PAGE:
'Neat' Wind Tunnel Fans High School Enthusiasm

November 10, 1991|By Greg Tasker | Greg Tasker,Staff writer

WINFIELD — When Robert Foor-Hogue tells his science research students that the "only limitation is your imagination," they heed that philosophy.

Why else would a serious student like Tim White have spent several hundred hours over the past two years researching and designing a wind tunnel -- a tunnel the senior might never see come to fruition?

But with a mentor like Foor-Hogue and other successful student projects from which to take inspiration, limitation is not part of the classroom lesson in the South Carroll High science lab.

"What we're all about is kids," Foor-Hogue told people gathered at the school Wednesday to learn more about the wind tunnel. "We want to motivate them so they want to be involved in science."

Involved they are. Their successes include management of an 800-gallon aquatic environment,complete with 8- to 12-inch Japanese koi, aquatic plants and an acid-retrieval system.

They've participated in the state's Save Our Streams program, monitoring a stream behind the school. They've designed and built balsa wood columns and bridges, used to test structural strength.

But the project of the moment is the wind tunnel -- a 12-foot-long, 3-foot-wide tunnel that, when completed, will be able to deliver speeds of approximately 300 miles per hour.

Run by a 5-horsepower electric motor, the tunnel -- expected to cost about $5,000 tobuild -- will be used for future projects in science research and drafting classes. The school's academic and vo-tech students are working together on its construction.

As in other research projects, financing is needed. Students received a boost last week when representatives from Westinghouse and Worthington Pump presented the school with checks for $3,700.

Martin T. Valentin, general manager of the Worthington Pump Division Dresser Inc. in Taneytown, called the wind tunnel project "outstanding."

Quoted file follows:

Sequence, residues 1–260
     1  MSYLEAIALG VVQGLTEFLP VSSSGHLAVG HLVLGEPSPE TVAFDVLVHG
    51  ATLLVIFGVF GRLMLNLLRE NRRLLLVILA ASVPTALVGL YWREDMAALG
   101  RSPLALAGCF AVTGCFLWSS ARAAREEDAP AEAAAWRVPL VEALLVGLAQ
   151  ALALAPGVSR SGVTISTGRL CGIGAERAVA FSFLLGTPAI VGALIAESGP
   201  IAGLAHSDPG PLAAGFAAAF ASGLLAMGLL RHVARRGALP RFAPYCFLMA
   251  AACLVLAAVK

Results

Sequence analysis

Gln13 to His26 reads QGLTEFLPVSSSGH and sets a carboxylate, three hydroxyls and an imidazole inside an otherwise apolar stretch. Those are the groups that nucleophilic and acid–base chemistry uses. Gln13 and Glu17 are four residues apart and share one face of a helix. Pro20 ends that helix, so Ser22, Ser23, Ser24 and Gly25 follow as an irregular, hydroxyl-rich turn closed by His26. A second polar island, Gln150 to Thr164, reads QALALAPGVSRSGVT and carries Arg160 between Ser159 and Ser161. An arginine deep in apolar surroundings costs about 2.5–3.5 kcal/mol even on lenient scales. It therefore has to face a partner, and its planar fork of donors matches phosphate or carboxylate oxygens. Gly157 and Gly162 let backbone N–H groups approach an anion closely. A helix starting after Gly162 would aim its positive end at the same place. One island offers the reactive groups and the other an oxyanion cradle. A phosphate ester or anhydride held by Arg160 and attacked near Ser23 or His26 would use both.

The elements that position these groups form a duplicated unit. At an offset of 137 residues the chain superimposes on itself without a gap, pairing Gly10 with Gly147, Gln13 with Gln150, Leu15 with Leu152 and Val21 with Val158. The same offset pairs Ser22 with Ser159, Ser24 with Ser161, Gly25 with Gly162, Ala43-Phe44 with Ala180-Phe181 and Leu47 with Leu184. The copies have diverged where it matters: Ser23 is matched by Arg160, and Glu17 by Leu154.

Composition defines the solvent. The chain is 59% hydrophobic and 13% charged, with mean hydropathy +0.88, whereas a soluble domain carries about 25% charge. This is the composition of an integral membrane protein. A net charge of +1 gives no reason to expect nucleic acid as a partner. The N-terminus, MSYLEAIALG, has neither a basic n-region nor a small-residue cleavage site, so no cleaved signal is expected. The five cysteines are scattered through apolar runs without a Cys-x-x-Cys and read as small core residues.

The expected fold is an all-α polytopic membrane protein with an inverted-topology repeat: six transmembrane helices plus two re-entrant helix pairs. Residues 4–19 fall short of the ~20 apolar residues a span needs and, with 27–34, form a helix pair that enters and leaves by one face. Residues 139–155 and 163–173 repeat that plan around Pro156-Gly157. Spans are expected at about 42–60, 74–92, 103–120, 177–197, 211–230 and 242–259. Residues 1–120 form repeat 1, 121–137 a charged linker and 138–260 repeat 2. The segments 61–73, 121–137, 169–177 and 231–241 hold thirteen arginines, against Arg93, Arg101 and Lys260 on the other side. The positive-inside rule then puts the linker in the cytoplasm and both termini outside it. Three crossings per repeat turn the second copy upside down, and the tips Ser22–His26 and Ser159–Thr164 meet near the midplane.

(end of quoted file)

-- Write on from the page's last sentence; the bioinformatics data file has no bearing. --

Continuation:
"It's provided them with a great learning experience," he said. "And it will be useful for the science research class for that purpose, too."

The class hopes to use the windtunnel to test the structural soundness and flow patterns of air around bridges and buildings under high winds, test the applicability ofspoilers and side mirrors on cars, and measure the lift and drag of airplane wings.

Foor-Hogue said the wind tunnel will be fairly mobile. He plans to transport the contraption around the state for demonstrations.

Tim, son of Jay and Janice White of Sykesville, predicts the project will be smooth sailing now that the design work is completed. He said construction would begin within a couple of months.

But its completion was hard to predict, the 18-year-old senior said.

Students called on officials at NASA, car manufacturers and Air Force bases -- "almost anybody that has a wind tunnel" -- to learn about the overall design and construction elements of a wind tunnel, he said.

After receiving several blue prints from companies, the students combined the best features of all of them in designing the tunnel. They used computer-assisted design software in drawing their wind tunnel.

Helping science research students in their design was Stephen Dowell, a senior drafting student from Westminster.

"I'll probably be there when they build the tunnel, to be following the design," said Stephen, son of Larry and Billie Dowell. "It's kind of the architect's job."

The project began with a previous science research class and has involved several students.

Foor-Hogue said one of the aspects of his classes is having students pass knowledge on to one another.

Students chose a wind tunnel for a project because it sounded "neat," said Tim, who plans to attend college next year to become an aerospace engineer. The idea was particularly alluring to him.

"If I design something like this in high school, I figure I'll havea peg up on whatever goes in college," he said.

Baltimore Sun Articles
Please note the green-lined linked article text has been applied commercially without any involvement from our newsroom editors, reporters or any other editorial staff.